Dr AL Sharada
Jun 15, 2020

Creative Critique through the gender lens: 2-12 June

Dr AL Sharada, director, Population First, reviews a selection of ads from the last ten days

Dr Sharada reviews 12 ads
Dr Sharada reviews 12 ads
In the Corona context the biggest challenge for brands seems to be how to promote their products and services while being conscious about the sensitivities of coping with a pandemic. While we see some ads force fitting the government agenda into their communication, some have used the current context to address some sensitive issues creatively. Whatever may be the approach, personal and social safety seems to be the value the brands are identifying themselves with.
 
Asian Paints
 
It is a light hearted ad film that highlights the new safety standards the brand is adopting to meet the needs of corona times.
 
Refreshingly, it shows that both men and women can be nosy neighbours. It shows the man as the inquisitive neighbour, breaking the stereotype of  women as nosy, rumour mongering selves. 
It shows the couple sharing moments of fun on equal terms, not relegating the women to the background.  
 
GS Score 3.5/5
 
Cadbury Dairy Milk Silk
 
A cute romantic ad that may appeal to the younger generation, I presume. It depicts expressing love through gestures which are beyond the norm. But the line between romancing and stalking is so thin. It could also lead the youngsters to mimic some dangerous acts/stunts in the ad which may compromise their safety. I find the film, therefore, problematic.
 
GS Score 2.75/5
 
Dabur
 
While the focus is on the Indianness of the brand, it is interesting to note the visuals are male dominated and stereotypical. An equal gender distribution in roles is missing.
 
GS Score 2.75/5
 
Fastrack
 
A very young women centric film for a product that is unconventional and individualistic. It is heartening to note that the ad beseeches the young women to be comfortable in their skin and accept themselves as they are. It aims to engage with the younger generation girls who are now stuck at home with their own company to enjoy, motivating them to stay fit. In a society where girls face tremendous pressure to conform to fashion trends and be like someone else it is definitely a positive message to be conveyed to them.
 
GS Score 4/5
 
Freecultr
 
What a relief it is to see an ad film which shows men in awkward situations owing to ill fitting underwear! Particularly, after watching umpteen number of  ad films showing macho men in under-wears thrashing the evil men and protecting women or making women go on an orgasmic fantasy just imagining the man in a particular brand of underwear. Positioning the product as comfort wear and not as an expression of macho-ness is a welcome change. It will connect with men and for those around them.
 
GS Score 3.75/5
 
Havmor
 
A feel good film, that captures what all is being missed by people during the lockdown and ends with the prospect of celebrating the lifting of the lockdown with a cup of icecream. It includes varied age groups depicting that all age groups were affected due to lockdown.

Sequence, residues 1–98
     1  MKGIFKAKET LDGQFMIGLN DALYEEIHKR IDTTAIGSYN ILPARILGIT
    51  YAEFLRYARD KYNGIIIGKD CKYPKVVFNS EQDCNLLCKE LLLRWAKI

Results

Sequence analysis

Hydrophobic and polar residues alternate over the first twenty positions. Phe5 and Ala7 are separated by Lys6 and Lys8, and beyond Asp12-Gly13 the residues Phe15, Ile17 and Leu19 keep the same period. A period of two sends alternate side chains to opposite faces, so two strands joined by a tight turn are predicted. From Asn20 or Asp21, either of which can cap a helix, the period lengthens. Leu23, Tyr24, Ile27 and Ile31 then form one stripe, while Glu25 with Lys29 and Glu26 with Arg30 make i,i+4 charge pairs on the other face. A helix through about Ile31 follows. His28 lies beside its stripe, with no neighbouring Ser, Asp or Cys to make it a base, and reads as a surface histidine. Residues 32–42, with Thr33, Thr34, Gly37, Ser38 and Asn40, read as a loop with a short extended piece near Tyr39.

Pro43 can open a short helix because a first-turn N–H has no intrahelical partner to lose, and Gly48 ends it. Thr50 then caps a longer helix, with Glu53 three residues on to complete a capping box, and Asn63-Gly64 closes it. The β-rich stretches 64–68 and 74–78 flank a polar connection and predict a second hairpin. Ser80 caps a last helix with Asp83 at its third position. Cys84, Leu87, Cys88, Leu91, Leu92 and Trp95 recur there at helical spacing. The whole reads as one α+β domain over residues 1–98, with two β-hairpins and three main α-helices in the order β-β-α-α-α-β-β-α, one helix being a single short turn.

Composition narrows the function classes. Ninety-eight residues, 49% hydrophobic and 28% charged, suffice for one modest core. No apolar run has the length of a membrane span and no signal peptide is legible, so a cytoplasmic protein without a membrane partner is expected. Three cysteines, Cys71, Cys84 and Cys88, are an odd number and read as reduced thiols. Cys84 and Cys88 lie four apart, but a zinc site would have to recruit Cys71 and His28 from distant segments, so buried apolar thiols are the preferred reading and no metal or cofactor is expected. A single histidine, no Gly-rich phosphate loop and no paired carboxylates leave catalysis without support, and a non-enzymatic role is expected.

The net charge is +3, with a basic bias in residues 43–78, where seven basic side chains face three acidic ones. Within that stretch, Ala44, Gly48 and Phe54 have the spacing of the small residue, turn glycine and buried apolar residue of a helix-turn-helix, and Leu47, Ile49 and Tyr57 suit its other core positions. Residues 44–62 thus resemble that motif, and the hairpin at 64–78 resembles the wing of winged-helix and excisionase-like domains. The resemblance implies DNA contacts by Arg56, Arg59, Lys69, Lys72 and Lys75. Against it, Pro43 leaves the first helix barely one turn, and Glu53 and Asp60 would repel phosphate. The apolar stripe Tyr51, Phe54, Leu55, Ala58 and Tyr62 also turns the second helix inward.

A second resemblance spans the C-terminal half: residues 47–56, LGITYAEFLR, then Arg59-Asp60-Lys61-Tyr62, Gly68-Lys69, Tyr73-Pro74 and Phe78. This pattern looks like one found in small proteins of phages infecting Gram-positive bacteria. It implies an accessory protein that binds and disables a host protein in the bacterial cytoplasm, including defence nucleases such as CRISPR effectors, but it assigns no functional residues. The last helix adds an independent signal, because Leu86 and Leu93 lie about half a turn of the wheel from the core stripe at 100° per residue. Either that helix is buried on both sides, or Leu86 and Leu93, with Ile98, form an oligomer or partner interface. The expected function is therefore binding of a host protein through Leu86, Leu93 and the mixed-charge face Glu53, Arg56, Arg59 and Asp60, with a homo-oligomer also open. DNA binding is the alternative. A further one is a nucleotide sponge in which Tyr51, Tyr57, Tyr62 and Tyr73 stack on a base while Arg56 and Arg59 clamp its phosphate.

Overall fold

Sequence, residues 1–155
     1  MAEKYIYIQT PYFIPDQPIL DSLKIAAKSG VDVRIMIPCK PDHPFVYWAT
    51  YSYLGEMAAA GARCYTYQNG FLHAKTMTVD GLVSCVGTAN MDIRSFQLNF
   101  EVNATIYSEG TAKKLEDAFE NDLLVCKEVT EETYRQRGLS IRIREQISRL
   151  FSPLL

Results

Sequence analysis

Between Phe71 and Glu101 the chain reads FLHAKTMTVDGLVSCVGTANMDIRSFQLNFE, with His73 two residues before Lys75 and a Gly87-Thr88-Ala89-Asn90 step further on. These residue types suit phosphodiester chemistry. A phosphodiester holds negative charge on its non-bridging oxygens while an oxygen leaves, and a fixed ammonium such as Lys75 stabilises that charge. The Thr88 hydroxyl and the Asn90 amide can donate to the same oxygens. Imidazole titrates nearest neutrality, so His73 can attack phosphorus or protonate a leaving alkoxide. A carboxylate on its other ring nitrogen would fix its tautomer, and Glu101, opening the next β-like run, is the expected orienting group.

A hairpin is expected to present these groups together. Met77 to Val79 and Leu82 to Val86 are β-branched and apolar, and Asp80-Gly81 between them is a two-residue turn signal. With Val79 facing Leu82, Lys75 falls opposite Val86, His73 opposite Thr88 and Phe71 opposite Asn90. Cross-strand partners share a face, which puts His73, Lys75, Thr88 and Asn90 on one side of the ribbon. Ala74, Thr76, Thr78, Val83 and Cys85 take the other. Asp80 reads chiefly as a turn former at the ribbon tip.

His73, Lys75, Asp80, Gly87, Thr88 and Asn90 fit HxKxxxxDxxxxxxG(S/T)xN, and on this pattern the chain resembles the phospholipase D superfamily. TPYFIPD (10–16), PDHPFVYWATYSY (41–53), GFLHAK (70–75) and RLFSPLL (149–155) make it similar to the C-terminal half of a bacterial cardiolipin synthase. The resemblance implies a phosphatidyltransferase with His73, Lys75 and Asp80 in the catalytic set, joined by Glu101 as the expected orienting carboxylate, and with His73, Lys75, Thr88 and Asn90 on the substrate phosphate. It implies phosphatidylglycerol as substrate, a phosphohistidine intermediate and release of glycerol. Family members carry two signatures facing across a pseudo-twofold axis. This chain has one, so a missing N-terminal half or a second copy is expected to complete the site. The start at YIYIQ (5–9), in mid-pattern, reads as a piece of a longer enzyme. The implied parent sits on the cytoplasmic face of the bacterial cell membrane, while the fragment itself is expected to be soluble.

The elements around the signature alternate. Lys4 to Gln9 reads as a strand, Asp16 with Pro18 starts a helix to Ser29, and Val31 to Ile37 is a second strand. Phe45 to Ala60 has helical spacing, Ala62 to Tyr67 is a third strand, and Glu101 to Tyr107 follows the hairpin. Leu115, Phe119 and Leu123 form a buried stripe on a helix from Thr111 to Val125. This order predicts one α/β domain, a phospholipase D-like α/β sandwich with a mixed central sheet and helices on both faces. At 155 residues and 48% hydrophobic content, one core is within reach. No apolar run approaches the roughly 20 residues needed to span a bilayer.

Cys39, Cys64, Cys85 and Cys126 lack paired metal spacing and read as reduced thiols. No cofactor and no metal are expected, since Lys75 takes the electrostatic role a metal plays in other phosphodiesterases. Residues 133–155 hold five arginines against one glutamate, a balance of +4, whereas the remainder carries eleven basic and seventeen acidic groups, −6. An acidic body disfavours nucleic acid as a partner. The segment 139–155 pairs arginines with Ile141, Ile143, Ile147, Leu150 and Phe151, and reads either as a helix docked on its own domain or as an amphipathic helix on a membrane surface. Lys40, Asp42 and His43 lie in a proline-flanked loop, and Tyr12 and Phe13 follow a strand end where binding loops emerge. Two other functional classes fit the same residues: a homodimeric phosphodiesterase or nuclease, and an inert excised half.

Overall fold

GS Score: 3/5
 
Lay's
 
The film tries to acknowledge people right from farmers to factory workers to delivery executives who have kept going about with their jobs despite the challenging times to ensure Lays reached the consumer even during Corona Times. 
 
GS Score 3/5
 
Reliance
 
A typical corporate film. However it is very disappointing to see only men as farmers, scientists and experts and women and girls being shown as beneficiaries of technology. It is important that we recognise women as farmers as frequently as possible, as they participate equally in farming activities but never get recognised as farmers and are denied all the benefits due to them as farmers.
 
GS Score 2.5/5
 
Stayfree
 
It is one of the most sensitive films that positions a product and an issue so beautifully in the Covid context. Issues related to menstruation are always kept under wraps, with communication being targeted primarily at women and girls. The creators of the ad have made menstruation everyone's issue with young men, fathers, grand fathers, etc talking about menstruation, showing empathy towards the girl and normalising and destigmatising periods. The ad contextualises the message by stating the fact that close to two million girls would have experienced  their first period during the lockdown. 
 
GS Score 5/5
 
Vivo 
 
 
 
Although the job here was to highlight the features, its surprising why technology and women can’t go together. It’s unfortunate to see that most mobile phones are promoted by male celebrities. The charm of the male kid could have been handled by a female child as well. We hope brands break these stereotype.
 
GS Score: 2.75/5
 
Welspun
 

Its good to see male celebrities promoting hand hygiene while handling chores in the kitchen which are usually considered as women's jobs.
 
GS Score 3.5/5
 
Zee5
 
It celebrates the eccentric identity of individuals by challenging the status quo.It reflects the varied culture, likes and dislikes through a unique approach. An ad which after a very long time portrays a physically challenged person also making choices in terms of what he views.
 
GS Score 3.25/5
Source:
Campaign India

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